3 Juin 2013
A bereaved family and Tokyo Electric Power Co. (TEPCO) have reached a settlement for compensation over a 64-year-old farmer's suicide shortly after the outbreak of the Fukushima nuclear disaster in March 2011, the family's lawyers say.
The settlement brokered by the Nuclear Damage Claim Dispute Resolution Center, an alternative dispute resolution (ADR) organ, represents the first out-of-court settlement over a suicide stemming from the disaster at the Fukushima No. 1 Nuclear Power Plant. The deal is expected to affect civil cases in which bereaved families have filed lawsuits seeking redress for their loved ones' suicides.
TEPCO acknowledged the causal relationship between the suicide of the farmer in the Okambara district in the Fukushima Prefecture city of Sukagawa, and the nuclear crisis and reached the settlement with his family in May.
The lawyers said the farmer committed suicide after receiving a notice from the government on restricting cabbage shipments in the wake of the nuclear disaster. The lawyers started negotiations with TEPCO but the giant utility refused to admit a causal relationship, prompting the lawyers to take the case to the nuclear ADR entity in June 2012.
During oral proceedings, the farmer's family produced an expert opinion document and said the farmer expressed a feeling of despair in the aftermath of the nuclear disaster because of the ban on cabbage shipments. The family's arguments were believed to have led to the settlement. But a TEPCO spokesman declined comment.
An acquaintance who has known the farmer for about 20 years says the farmer had inherited the family farm and adhered to pesticide-free production of rice, cucumbers and other vegetables. He says he met the farmer about one week before he killed himself. The acquaintance said the farmer went about his life as usual but was probably shocked by the nuclear accident although he did not talk much about it.
The farmer's wife and their second eldest son have inherited the family farm.
Among suicides in the aftermath of the nuclear accident, a 58-year-old woman in the Fukushima Prefecture town of Kawamata committed suicide due to stress stemming from life in temporary housing and the losses of her job and house, leading her family to file a 91.2 million yen suit with the Fukushima District Court in May last year. A 54-year-old dairy farmer in the Fukushima Prefecture city of Soma took his own life after facing a ban on milk shipments and the forced slaughter of dairy cattle. His family filed suit with the Tokyo District Court in May this year seeking 126 million yen in compensation.
FUKUSHIMA--Compensation payments are expected to take a financial toll on Tokyo Electric Power Co. after redress cases strengthened for bereaved families and victims of stress caused by the Fukushima nuclear accident.
For the first time, a government-affiliated dispute resolution center decided to demand TEPCO, operator of the crippled Fukushima No. 1 nuclear plant, pay compensation to residents for their anxieties over radiation exposure.
Also in a first, TEPCO has agreed to pay compensation to family members of a farmer who killed himself after the nuclear accident robbed him of his livelihood.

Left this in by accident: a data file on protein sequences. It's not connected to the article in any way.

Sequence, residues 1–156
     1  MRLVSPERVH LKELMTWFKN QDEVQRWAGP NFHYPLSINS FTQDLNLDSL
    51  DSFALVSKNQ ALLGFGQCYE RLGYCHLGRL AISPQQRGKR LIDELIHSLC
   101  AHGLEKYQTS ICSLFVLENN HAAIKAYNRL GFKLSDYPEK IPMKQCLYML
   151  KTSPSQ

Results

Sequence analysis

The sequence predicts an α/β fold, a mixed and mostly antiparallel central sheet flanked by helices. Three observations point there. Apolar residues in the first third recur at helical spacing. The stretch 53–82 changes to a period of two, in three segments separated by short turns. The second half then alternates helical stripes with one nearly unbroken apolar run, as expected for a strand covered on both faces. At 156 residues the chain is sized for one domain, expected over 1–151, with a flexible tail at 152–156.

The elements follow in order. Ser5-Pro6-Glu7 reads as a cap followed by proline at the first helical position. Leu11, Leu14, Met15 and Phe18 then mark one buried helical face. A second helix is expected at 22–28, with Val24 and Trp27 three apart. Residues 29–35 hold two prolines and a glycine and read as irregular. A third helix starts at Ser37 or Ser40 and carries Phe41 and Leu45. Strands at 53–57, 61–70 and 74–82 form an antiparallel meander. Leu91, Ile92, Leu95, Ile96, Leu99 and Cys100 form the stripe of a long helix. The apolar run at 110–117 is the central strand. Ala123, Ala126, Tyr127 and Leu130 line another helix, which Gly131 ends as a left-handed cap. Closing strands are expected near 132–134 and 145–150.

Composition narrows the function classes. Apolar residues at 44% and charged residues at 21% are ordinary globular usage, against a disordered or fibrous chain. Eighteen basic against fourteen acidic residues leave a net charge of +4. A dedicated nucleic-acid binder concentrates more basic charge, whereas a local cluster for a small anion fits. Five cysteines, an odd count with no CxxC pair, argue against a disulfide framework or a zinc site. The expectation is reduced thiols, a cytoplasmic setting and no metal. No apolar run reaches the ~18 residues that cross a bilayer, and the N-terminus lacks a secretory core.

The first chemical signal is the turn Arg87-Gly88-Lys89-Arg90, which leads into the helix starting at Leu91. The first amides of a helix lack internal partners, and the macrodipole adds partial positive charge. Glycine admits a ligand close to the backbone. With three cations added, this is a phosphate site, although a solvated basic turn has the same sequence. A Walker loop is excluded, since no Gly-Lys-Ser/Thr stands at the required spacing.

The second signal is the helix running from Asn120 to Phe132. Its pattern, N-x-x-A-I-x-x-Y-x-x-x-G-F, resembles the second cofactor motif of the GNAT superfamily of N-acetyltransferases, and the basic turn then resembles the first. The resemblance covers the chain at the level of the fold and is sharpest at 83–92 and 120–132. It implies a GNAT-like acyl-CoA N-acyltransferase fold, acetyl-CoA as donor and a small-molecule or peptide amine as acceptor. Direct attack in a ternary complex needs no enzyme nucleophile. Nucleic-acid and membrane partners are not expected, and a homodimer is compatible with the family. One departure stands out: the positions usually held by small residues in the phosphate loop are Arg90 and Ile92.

Lawyers for 180 residents of the Nagadoro district of Iitate, Fukushima Prefecture, located some 30 kilometers from the Fukushima No. 1 nuclear plant, said June 2 that the science ministry’s center for alternative dispute resolution had sided with their arguments.
The residents were told to evacuate more than one month after the nuclear disaster began on March 11, 2011, following the Great East Japan Earthquake and tsunami.
They have demanded compensation for stress caused by their exposure to radiation during that period.
“It is understandable for the residents to feel anxiety and fear about their exposure to radiation,” a lawyer quoted a center official as saying.
The lawyers said the center will tell TEPCO to pay 500,000 ($4,977) per person, and 1 million yen each to pregnant women and children up to the age of 18.
The central government initially did not issue evacuation warnings for residents in a large part of Iitate, including the Nagadoro district, because it is located outside a 30-kilometer radius of the nuclear power plant.
Radiation levels in those areas were later found to be very high, and the residents who did not leave immediately received relatively high radiation doses.
The center also mediated between TEPCO and the family members of the farmer who committed suicide in Sukagawa in the prefecture.
TEPCO has decided to pay more than 10 million yen in compensation to the family, including consolation money and lost earnings, sources close to the family members said.
The farmer, then 64, had operated an organic vegetable farm for more than 30 years.
The central government imposed restrictions on certain kinds of vegetables grown in Fukushima Prefecture on March 23, 2011, immediately after the nuclear disaster started. At that time, the farmer had just entered the cabbage-picking season.
The following morning, the man hanged himself at the farm
His bereaved family in June last year asked the center to mediate a settlement with TEPCO, and the institution suggested an amount.
Early last month, TEPCO said it will accept the center’s offer, but it refused to apologize to the family members as demanded.
Other families have also blamed TEPCO for the suicides of family members.
And the Namie municipal government, acting on behalf of 11,602 residents, has asked the center to more than triple monthly benefits for psychological suffering caused by the Fukushima nuclear accident.
The application asked that TEPCO’s monthly compensation for psychological duress be increased to 350,000 yen from current 100,000 yen.